New mechanism of X-linked anhidrotic ectodermal dysplasia with immunodeficiency: impairment of ubiquitin binding despite normal folding of NEMO protein.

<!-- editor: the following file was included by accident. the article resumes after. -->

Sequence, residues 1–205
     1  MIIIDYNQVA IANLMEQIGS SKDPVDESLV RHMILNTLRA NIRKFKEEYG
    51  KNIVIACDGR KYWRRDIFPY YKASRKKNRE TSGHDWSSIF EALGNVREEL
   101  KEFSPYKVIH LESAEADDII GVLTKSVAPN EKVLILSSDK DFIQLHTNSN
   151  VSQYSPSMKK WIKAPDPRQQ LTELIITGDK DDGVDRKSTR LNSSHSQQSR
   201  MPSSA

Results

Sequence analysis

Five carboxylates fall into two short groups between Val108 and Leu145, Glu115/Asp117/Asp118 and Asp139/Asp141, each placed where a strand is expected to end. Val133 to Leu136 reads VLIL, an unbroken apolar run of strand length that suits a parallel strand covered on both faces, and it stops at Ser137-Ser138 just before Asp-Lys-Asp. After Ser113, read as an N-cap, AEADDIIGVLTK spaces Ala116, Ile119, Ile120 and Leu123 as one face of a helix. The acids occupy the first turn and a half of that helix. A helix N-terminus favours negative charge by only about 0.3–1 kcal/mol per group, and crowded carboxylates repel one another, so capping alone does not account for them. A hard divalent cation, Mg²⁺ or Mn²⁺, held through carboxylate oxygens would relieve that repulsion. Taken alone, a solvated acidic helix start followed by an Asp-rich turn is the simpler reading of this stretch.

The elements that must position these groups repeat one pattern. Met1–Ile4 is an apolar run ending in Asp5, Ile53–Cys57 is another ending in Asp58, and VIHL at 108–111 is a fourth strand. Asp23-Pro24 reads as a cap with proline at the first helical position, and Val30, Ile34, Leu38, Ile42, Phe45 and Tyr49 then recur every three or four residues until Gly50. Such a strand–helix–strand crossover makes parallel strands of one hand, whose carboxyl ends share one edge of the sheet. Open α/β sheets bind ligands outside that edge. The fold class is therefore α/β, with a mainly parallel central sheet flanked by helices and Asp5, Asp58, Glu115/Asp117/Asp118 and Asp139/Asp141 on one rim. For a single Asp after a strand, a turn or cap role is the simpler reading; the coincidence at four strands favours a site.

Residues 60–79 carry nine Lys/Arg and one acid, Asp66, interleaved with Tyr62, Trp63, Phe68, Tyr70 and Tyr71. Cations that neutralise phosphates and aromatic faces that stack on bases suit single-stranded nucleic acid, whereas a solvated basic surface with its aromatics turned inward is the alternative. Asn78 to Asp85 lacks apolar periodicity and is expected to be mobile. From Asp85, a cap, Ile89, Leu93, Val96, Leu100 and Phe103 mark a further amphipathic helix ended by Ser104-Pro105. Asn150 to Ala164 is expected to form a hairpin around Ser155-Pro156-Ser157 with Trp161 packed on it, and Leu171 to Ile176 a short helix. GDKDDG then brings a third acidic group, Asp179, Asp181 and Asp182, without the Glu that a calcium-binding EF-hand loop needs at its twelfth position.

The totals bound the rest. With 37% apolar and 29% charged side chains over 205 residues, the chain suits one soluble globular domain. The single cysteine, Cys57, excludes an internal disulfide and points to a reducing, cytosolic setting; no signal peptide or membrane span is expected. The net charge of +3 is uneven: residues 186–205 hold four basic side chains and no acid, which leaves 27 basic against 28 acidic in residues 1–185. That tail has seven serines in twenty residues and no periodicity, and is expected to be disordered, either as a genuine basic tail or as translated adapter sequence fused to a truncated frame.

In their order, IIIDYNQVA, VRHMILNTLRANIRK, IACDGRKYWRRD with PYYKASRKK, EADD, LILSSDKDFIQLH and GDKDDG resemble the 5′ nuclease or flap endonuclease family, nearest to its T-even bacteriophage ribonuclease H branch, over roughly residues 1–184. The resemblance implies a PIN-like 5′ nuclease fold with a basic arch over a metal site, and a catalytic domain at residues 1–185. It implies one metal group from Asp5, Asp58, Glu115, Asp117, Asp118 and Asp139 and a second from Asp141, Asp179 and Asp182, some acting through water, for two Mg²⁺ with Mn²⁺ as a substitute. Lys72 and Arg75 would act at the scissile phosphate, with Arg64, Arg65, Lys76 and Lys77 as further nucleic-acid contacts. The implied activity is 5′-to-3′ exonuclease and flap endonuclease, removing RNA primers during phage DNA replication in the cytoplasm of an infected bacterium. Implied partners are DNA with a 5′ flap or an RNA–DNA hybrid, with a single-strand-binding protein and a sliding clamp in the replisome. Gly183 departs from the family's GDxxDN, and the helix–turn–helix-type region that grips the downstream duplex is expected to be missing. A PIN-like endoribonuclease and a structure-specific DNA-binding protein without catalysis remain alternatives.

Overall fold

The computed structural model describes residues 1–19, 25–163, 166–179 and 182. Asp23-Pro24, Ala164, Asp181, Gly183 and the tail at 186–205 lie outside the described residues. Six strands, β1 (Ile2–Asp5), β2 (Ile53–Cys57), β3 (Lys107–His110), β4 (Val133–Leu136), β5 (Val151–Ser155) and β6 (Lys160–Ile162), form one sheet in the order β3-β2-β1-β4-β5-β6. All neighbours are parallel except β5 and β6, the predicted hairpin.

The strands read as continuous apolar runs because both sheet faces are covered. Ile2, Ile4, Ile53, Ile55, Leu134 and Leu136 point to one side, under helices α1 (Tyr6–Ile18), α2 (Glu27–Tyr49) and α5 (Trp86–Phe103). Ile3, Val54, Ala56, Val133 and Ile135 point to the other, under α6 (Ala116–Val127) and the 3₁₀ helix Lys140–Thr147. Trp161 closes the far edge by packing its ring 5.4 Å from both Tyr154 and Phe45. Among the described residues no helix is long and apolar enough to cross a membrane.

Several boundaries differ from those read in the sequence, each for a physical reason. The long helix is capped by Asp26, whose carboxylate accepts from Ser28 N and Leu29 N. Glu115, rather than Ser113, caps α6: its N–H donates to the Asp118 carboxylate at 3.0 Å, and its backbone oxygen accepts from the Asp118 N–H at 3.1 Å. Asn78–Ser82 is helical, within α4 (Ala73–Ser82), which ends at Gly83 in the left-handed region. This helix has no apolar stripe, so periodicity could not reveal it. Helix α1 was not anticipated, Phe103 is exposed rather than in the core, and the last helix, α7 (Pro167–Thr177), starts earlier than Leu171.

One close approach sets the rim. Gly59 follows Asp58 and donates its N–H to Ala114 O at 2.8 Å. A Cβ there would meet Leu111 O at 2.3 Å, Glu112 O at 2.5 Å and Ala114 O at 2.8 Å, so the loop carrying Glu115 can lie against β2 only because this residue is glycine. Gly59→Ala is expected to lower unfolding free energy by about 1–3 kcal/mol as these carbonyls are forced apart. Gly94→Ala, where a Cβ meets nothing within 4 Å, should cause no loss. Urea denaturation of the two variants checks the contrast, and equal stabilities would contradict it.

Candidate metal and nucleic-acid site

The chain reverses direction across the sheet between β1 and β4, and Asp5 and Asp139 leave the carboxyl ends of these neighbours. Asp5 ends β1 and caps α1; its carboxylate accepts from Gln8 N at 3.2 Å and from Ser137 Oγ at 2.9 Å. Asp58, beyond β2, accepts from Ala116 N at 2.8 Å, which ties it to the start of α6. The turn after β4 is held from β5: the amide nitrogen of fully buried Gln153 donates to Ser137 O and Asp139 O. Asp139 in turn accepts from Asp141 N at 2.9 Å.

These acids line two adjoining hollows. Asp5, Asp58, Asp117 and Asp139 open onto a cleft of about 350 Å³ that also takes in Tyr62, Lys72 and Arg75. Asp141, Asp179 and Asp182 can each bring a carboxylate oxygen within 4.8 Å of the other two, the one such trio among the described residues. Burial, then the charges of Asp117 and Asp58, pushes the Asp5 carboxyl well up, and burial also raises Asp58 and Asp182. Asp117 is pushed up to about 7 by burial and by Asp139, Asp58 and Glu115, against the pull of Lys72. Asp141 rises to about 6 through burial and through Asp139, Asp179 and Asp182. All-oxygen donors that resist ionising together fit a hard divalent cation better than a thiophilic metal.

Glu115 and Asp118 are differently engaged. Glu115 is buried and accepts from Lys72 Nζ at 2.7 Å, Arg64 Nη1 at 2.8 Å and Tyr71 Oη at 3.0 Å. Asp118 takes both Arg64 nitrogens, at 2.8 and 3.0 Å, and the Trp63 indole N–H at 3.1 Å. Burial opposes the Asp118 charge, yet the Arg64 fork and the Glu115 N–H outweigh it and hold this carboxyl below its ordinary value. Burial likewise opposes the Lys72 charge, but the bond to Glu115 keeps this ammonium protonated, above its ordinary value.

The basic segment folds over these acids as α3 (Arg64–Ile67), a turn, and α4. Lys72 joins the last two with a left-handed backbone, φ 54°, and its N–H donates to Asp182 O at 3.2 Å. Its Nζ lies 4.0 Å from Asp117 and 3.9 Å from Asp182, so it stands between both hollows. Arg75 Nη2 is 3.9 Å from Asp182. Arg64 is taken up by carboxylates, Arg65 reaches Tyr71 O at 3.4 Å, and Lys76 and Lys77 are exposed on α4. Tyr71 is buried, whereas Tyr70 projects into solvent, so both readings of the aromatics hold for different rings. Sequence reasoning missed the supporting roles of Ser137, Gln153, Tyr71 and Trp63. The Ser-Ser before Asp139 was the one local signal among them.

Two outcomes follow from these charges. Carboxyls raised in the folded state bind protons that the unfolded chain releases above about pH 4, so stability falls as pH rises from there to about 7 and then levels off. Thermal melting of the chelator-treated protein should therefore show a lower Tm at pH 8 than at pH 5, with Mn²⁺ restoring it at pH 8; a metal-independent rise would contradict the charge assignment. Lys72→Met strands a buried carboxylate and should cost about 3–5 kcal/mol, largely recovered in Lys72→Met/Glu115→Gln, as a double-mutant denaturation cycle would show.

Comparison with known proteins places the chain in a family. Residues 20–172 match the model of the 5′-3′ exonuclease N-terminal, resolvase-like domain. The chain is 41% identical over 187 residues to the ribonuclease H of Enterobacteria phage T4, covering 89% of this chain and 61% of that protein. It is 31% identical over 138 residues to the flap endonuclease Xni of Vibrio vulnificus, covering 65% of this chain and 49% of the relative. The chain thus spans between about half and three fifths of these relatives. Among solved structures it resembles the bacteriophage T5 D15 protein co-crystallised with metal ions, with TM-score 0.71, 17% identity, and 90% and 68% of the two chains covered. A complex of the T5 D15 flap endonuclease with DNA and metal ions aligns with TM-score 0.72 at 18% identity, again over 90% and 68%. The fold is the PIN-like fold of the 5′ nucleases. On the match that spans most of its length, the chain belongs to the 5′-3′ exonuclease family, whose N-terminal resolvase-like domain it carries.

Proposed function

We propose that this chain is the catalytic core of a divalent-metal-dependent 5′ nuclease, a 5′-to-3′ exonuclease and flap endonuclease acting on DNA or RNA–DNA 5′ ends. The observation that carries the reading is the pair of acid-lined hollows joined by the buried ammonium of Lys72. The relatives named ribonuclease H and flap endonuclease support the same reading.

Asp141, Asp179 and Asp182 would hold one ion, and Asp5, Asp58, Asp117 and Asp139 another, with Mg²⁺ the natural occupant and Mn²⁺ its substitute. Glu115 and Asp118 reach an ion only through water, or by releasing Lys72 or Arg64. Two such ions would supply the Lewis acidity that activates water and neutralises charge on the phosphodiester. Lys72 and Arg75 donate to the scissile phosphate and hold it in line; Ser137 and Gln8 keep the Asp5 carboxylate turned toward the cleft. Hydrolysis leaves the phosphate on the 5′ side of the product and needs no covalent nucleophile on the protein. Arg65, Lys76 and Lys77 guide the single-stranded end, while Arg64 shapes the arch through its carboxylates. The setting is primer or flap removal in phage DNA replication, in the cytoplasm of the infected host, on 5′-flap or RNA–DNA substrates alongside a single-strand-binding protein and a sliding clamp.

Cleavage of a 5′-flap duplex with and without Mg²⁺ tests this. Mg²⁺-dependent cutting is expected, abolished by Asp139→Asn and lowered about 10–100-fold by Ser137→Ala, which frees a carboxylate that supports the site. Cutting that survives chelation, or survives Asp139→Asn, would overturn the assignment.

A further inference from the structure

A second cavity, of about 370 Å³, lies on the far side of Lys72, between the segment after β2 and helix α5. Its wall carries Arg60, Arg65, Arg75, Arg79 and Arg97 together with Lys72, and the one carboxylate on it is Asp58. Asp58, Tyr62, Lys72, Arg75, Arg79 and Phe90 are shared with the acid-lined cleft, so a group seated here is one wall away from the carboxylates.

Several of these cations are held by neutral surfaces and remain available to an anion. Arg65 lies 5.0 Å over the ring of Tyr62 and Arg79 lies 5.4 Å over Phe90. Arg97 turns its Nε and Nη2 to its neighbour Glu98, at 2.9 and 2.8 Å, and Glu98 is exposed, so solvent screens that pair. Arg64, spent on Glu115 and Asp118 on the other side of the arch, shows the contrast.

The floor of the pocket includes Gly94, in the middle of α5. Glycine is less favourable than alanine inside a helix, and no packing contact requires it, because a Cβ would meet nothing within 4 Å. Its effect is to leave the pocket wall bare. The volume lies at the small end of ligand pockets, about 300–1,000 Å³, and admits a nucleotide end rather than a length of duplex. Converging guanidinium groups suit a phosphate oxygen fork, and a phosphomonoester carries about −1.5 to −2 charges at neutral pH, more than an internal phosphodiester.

Nuclear factor-κB essential modulator (NEMO), the regulatory subunit of the IκB kinase complex, is a critical component of the NF-κB pathway. Hypomorphic mutations in the X-linked human NEMO gene cause various forms of anhidrotic ectodermal dysplasia with immunodeficiency (EDA-ID). All known X-linked EDA-ID-causing mutations impair NEMO protein expression, folding, or both. We describe here 2 EDA-ID-causing missense mutations that affect the same residue in the CC2-LZ domain (D311N and D311G) that do not impair NEMO production or folding. Structural studies based on pull-down experiments showed a defect in noncovalent interaction with K63-linked and linear polyubiquitin chains for these mutant proteins. Functional studies on the patients' cells showed an impairment of the classic NF-κB signaling pathways after activation of 2 NEMO ubiquitin-binding-dependent receptors, the TNF and IL-1β receptors, and in the CD40-dependent NF-κB pathway. We report the first human NEMO mutations responsible for X-linked EDA-ID found to affect the polyubiquitin binding of NEMO rather than its expression and folding. These experiments demonstrate that the binding of human NEMO to polyubiquitin is essential for NF-κB activation. They also demonstrate that the normal expression and folding of NEMO do not exclude a pathogenic role for NEMO mutations in patients with EDA-ID.
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